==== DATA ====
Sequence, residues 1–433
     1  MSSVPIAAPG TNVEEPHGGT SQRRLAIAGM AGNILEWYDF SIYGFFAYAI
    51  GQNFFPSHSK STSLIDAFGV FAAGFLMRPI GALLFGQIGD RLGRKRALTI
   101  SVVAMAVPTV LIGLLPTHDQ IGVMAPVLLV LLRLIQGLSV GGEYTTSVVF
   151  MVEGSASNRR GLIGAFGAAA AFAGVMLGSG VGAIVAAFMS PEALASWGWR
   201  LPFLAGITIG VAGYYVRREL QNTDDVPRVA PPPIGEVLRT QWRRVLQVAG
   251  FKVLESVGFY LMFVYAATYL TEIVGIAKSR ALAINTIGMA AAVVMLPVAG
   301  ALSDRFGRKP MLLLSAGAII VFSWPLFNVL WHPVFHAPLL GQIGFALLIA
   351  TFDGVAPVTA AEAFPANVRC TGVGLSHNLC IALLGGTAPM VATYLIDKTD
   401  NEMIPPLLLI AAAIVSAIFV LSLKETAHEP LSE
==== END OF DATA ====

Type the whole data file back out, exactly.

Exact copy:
Sequence, residues 1–433
     1  MSSVPIAAPG TNVEEPHGGT SQRRLAIAGM AGNILEWYDF SIYGFFAYAI
    51  GQNFFPSHSK STSLIDAFGV FAAGFLMRPI GALLFGQIGD RLGRKRALTI
   101  SVVAMAVPTV LIGLLPTHDQ IGVMAPVLLV LLRLIQGLSV GGEYTTSVVF
   151  MVEGSASNRR GLIGAFGAAA AFAGVMLGSG VGAIVAAFMS PEALASWGWR
   201  LPFLAGITIG VAGYYVRREL QNTDDVPRVA PPPIGEVLRT QWRRVLQVAG
   251  FKVLESVGFY LMFVYAATYL TEIVGIAKSR ALAINTIGMA AAVVMLPVAG
   301  ALSDRFGRKP MLLLSAGAII VFSWPLFNVL WHPVFHAPLL GQIGFALLIA
   351  TFDGVAPVTA AEAFPANVRC TGVGLSHNLC IALLGGTAPM VATYLIDKTD
   401  NEMIPPLLLI AAAIVSAIFV LSLKETAHEP LSE